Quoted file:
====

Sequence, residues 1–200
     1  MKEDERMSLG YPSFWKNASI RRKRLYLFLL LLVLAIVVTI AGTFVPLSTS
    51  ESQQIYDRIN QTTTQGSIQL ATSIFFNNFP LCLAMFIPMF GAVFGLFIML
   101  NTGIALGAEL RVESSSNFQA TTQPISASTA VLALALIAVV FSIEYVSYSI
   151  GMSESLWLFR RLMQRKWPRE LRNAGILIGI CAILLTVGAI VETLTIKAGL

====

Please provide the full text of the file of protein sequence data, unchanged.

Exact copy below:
Sequence, residues 1–200
     1  MKEDERMSLG YPSFWKNASI RRKRLYLFLL LLVLAIVVTI AGTFVPLSTS
    51  ESQQIYDRIN QTTTQGSIQL ATSIFFNNFP LCLAMFIPMF GAVFGLFIML
   101  NTGIALGAEL RVESSSNFQA TTQPISASTA VLALALIAVV FSIEYVSYSI
   151  GMSESLWLFR RLMQRKWPRE LRNAGILIGI CAILLTVGAI VETLTIKAGL